Clara Hwang, MD, discusses risk stratification methods used to assess the risk of metastatic disease in patients with nonmetastatic prostate cancer.
Clara Hwang, MD, medical oncologist, senior staff physician, Henry Ford Health System, clinical assistant professor, Wayne State University School of Medicine, discusses risk stratification methods used to assess the risk of metastatic disease in patients with nonmetastatic prostate cancer.
One risk-stratification factor that is used to assess the risk of disease progression in patients with nonmetastatic prostate cancer is the length of time between receiving local therapy and developing disease recurrence, Hwang says. The shorter the time from initial treatment with local therapy to recurrence, the more likely a patient’s disease will progress to metastatic disease, Hwang explains.
A patient’s risk of developing metastatic disease can also be assessed using disease variables at the time of their prostate cancer presentation, according to Hwang. For example, higher Gleason scores are predictors for disease progression to metastasis, Hwang notes. Prostate-specific antigen (PSA) kinetics and PSA doubling time can also be used to assess metastatic disease risk, Hwang explains. A shorter PSA doubling time typically indicates more aggressive disease, and patients with a short PSA doubling time are more likely to progress to metastatic disease, Hwang says. Each of these factors can help determine whether a patient with nonmetastatic prostate cancer needs further treatment, Hwang emphasizes.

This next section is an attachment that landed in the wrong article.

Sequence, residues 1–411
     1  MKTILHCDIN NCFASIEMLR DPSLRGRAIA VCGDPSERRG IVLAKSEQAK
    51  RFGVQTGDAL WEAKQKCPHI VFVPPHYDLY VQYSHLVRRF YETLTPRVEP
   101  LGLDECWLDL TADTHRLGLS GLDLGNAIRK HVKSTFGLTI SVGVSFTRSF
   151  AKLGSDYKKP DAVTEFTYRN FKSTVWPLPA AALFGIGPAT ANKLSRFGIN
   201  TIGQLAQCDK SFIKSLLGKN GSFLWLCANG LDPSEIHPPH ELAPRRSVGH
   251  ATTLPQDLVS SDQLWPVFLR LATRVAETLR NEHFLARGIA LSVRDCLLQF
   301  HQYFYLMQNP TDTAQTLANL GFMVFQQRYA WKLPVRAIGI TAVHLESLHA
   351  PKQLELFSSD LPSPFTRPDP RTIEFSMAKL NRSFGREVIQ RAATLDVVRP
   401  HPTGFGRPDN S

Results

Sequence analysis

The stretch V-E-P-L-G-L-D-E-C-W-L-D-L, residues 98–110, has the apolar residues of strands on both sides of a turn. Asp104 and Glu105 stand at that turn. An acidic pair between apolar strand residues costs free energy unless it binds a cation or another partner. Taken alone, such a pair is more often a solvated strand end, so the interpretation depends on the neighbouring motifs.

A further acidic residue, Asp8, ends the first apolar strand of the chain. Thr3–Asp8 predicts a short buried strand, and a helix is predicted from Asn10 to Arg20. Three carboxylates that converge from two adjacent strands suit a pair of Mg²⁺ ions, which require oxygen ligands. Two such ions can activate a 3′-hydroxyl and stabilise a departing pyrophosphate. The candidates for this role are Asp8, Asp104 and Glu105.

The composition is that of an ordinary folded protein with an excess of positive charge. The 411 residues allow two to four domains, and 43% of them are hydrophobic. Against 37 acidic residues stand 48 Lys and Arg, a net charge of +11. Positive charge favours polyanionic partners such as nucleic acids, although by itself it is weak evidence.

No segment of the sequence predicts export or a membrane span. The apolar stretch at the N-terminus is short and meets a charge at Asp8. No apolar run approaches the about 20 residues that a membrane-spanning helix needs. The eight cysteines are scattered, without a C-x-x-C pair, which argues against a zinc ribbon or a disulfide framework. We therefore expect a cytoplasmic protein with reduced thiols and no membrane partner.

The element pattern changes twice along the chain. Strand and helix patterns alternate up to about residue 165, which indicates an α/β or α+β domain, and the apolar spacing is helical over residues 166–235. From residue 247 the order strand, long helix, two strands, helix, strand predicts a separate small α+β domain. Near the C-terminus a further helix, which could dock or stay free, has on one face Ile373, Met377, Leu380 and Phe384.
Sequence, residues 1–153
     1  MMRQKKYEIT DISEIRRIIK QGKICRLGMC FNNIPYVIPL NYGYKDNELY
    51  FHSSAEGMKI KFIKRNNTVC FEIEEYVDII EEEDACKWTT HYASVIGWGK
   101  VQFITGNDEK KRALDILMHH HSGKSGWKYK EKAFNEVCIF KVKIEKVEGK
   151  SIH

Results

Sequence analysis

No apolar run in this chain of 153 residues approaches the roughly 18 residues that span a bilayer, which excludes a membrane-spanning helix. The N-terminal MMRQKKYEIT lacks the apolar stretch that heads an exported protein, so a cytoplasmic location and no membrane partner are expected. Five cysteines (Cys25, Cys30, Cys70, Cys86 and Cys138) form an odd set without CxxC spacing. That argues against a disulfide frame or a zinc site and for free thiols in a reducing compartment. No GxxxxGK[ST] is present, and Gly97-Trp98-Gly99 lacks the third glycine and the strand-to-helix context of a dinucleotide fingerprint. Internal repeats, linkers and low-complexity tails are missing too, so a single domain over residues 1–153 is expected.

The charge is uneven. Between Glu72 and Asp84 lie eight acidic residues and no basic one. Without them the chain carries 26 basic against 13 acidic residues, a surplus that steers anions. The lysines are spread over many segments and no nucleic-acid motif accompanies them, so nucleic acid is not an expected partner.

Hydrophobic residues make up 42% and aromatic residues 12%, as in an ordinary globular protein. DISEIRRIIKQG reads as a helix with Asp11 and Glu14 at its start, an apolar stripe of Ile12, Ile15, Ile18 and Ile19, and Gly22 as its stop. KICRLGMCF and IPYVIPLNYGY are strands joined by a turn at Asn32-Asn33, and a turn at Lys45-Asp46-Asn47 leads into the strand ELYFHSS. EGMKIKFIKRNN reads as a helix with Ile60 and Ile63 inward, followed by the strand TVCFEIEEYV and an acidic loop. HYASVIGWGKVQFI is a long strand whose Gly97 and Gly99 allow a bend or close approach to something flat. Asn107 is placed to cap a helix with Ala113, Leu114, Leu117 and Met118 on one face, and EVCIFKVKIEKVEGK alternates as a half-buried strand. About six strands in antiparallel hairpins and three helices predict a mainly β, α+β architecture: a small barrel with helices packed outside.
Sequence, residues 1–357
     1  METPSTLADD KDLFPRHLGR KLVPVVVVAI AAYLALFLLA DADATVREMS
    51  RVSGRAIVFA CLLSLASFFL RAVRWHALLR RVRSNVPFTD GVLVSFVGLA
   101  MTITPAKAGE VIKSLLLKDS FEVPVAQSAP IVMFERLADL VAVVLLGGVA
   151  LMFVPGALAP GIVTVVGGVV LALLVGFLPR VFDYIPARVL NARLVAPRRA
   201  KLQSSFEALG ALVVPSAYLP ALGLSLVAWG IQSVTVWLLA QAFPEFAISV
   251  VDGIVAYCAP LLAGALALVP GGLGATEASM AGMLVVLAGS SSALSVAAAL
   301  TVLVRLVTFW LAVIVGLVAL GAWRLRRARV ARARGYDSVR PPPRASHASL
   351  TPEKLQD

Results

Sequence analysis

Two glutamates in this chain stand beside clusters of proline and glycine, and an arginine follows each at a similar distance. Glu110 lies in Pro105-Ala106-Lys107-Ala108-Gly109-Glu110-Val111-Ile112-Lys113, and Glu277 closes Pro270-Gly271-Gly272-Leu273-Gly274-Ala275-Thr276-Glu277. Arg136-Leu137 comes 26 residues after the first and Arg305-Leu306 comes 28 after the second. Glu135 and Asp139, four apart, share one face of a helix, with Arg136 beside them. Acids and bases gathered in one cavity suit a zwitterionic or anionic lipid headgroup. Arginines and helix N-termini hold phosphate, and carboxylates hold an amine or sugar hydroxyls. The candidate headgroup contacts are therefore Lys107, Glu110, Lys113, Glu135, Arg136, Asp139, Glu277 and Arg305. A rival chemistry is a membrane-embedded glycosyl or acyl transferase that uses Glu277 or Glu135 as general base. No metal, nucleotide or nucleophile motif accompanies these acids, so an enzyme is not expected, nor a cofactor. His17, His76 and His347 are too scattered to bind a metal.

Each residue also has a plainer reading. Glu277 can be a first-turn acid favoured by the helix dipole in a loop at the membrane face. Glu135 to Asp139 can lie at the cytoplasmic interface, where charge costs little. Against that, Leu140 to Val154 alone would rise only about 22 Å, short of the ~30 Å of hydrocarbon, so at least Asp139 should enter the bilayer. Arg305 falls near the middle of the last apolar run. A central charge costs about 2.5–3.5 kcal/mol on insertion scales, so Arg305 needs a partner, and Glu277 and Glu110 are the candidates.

Deciding whether a patient with nonmetastatic prostate cancer needs treatment is important, Hwang asserts. If their disease characteristics allow, patients should be spared prostate cancer therapies because of associated adverse effects (AEs), Hwang explains. For example, if a patient who has undergone prostatectomy and develops PSA recurrence, has low PSA levels and a long PSA doubling time, and has already received salvage local therapy, they may be fit for systemic hormonal therapy, Hwang notes. In addition, treatment may be delayed in certain patients until their PSA kinetics change or their PSA doubling time shortens, Hwang says.
Similar risk-stratification strategies are used in patients with nonmetastatic castration-resistant prostate cancer (nmCRPC), according to Hwang. PSA doubling time is used to help stratify patients with nmCRPC who need further treatment after developing resistance to androgen-deprivation therapy, Hwang concludes.